Friday, July 2, 2010

Stress and Anxiety Picks

Although it’s now summer, I know that many teachers are already planning for the coming school year, and thinking about ways to improve their classes. At an end of the year event last month, I overheard an elementary school teacher talking about how students in her class handled stress, and how over the summer she planned to do some research on students and stress management. That got me thinking.

Stress is a part of everyday life, and it affects everyone from infants to the elderly. Some stress is normal, and can be even be beneficial at times. We’ve all heard of athletes or students who say that they perform better under pressure, and indeed, some do. But too much stress is overwhelming, and can manifest itself in negative ways, such as through physical ailments, decreased academic performance, and the like. Studies have shown that today’s students are under more stress than those of previous generations, and that student anxiety levels are at all-time highs. According to a recent survey conducted by the American Psychological Association, 44% of the kids interviewed said that their stress was particularly related to school. Students also regularly mention anxiety over academic performance, social pressures, and extracurricular activities. At its most extreme, stress and anxiety can lead to drug and/or alcohol use, self-destructive behavior, and suicide. Most commonly, anxiety and stress can adversely affect student academic performance.

School districts are increasingly recognizing the value of directly acknowledging kids’ anxiety, and incorporating into the curriculum methods to decrease student stress. Many schools have added yoga, deep breathing exercises, meditation, tai chi, and other practices to help students manage their stress and anxiety. Regardless of the method used, most students find that learning to effectively manage their stress allows them to keep anxiety at bay and to feel more in control of themselves and how they respond to stressful situations. My picks this week all focus on resources that address student stress, including the physical responses our bodies make to stressful stimuli.

Grade 3 Lesson on Stress
Subjects: Language Arts, Emotional Health
Grade: 3
In this lesson, students learn about the physical and emotional responses to stress and anxiety. They also learn the difference between good and bad stress, as well as how to manage stress. This lesson is offered by NC Healthy Schools, an initiative of the North Carolina Departments of Public Instruction and Health and Human Services. The project provides research, lesson plans, and other resources for educators.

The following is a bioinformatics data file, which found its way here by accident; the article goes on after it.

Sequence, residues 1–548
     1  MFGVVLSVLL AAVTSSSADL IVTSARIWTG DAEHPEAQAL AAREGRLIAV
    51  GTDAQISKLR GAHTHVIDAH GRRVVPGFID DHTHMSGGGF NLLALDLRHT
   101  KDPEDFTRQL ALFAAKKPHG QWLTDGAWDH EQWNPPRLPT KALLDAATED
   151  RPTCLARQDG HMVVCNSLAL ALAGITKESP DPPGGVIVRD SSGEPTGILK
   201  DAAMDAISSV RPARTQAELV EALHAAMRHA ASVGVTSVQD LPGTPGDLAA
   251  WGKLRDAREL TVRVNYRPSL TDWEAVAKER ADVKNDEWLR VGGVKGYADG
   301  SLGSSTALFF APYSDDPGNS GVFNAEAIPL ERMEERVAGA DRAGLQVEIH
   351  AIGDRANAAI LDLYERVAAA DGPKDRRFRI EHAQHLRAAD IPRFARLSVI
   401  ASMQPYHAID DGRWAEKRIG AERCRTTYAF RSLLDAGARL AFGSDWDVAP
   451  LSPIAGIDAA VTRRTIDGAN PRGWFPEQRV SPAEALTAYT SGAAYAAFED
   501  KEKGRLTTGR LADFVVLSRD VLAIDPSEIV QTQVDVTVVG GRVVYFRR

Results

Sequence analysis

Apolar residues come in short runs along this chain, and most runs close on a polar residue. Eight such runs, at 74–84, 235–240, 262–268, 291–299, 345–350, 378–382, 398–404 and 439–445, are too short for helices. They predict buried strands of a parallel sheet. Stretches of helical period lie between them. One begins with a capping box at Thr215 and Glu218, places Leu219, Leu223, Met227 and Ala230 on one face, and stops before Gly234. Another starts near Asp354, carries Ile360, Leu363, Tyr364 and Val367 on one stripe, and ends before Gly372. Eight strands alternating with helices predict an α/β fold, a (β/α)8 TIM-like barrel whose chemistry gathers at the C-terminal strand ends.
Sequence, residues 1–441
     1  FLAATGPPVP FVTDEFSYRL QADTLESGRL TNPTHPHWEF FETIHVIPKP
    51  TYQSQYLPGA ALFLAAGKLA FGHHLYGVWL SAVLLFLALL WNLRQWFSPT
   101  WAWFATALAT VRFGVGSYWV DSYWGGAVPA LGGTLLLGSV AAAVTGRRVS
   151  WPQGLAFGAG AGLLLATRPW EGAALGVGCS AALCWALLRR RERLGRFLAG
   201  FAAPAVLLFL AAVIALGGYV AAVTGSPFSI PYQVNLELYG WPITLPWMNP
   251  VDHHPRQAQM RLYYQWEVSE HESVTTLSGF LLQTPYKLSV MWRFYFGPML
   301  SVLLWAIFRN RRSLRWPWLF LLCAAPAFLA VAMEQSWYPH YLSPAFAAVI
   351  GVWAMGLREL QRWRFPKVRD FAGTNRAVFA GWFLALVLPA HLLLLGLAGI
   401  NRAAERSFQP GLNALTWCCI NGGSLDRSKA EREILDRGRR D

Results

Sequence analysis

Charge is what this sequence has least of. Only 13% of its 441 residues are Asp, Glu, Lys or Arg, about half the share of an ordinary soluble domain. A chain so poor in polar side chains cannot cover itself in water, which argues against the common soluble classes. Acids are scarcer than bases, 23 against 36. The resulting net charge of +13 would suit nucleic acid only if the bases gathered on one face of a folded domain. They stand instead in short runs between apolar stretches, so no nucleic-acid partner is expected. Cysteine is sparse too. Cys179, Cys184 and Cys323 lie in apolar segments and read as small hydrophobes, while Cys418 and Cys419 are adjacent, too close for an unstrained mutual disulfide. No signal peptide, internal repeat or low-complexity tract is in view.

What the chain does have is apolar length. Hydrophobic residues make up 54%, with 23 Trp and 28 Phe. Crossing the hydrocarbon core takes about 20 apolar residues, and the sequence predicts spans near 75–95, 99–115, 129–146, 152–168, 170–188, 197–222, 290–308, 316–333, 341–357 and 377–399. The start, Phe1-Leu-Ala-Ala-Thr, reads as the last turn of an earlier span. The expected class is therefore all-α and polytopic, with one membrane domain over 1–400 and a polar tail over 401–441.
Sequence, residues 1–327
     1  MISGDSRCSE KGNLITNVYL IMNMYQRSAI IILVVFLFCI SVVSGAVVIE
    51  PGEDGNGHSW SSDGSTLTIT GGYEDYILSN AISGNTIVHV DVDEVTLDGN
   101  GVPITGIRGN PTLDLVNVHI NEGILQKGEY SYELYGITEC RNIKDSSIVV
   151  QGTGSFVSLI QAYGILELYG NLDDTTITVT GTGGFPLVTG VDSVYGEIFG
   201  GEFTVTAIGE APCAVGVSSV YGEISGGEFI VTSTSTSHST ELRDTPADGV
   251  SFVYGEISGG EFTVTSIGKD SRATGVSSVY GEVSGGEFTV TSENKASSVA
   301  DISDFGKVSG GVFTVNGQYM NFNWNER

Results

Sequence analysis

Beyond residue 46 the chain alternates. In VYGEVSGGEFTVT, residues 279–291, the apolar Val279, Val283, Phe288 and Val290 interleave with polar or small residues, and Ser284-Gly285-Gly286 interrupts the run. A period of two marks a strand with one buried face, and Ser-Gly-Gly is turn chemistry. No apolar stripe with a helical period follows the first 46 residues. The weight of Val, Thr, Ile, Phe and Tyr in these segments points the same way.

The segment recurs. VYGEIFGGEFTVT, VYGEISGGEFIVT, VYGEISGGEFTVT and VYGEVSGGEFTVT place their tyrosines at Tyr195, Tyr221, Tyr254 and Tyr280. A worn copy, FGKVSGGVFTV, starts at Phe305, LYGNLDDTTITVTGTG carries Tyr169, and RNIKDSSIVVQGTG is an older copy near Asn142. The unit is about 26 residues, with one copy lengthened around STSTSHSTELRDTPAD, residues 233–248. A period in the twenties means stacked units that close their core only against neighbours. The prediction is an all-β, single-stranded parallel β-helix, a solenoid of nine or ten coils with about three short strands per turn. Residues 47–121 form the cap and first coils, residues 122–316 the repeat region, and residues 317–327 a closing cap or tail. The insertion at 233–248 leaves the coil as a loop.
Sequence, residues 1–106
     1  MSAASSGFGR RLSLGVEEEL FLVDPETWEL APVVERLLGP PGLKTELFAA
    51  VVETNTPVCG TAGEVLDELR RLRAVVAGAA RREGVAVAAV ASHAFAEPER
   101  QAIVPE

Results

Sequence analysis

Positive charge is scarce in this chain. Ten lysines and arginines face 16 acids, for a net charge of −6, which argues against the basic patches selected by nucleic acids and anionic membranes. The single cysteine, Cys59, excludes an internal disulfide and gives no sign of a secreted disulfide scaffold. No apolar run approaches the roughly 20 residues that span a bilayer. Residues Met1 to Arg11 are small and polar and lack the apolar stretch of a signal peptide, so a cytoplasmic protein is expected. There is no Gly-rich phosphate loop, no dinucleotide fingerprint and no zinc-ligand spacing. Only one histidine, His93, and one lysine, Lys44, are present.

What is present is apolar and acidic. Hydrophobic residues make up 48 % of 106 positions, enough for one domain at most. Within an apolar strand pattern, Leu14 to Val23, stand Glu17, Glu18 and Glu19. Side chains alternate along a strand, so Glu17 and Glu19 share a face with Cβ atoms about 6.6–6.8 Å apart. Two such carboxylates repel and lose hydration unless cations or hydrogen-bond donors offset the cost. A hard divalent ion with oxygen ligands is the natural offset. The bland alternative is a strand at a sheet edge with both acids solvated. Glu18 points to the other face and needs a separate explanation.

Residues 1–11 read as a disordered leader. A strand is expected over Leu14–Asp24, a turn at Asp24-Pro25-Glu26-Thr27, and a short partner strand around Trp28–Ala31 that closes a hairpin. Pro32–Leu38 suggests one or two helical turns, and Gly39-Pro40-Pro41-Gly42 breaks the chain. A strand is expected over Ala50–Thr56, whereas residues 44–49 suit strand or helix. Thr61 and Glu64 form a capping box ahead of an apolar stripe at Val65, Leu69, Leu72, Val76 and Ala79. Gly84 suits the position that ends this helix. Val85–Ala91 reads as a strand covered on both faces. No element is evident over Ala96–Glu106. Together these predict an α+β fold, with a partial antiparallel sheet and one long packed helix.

Do You Have Math Anxiety? A Self-Test
Subjects: Math, Emotional Health
Grade: 6-12
This self-test asks students to rate their math anxiety by answering ten questions using a scale of 1-5. A list of tips to reduce math anxiety is also available. This resource is offered by Math Power, a help site created by math professor Ellen Freedman. The site provides study tips, math videos, quizzes, and more.

All Stressed Out
Subjects: Biology, Emotional Health
Grade: 7-9
In this interactive activity, teens will find out what exactly stress is, how it effects the body, why it happens, and steps they can take to cope with stress. This activity was created by, an online health science learning site designed to help educators and parents communicate important health concepts to students. The site offers lesson plans, interactive games, activities, webquests, and more.

~Joann's Picks - 7/2/2010~


  1. Handling stress is not something that we normally focus on in the classroom (probably because it is not tested on). But the stresses of school and life are increasing for students. It is important that teachers take the time to help students understand stress and work with how to handle it.

  2. I agree...many teachers need to learn to handle stress, too, so why not learn as we teach it to our students!


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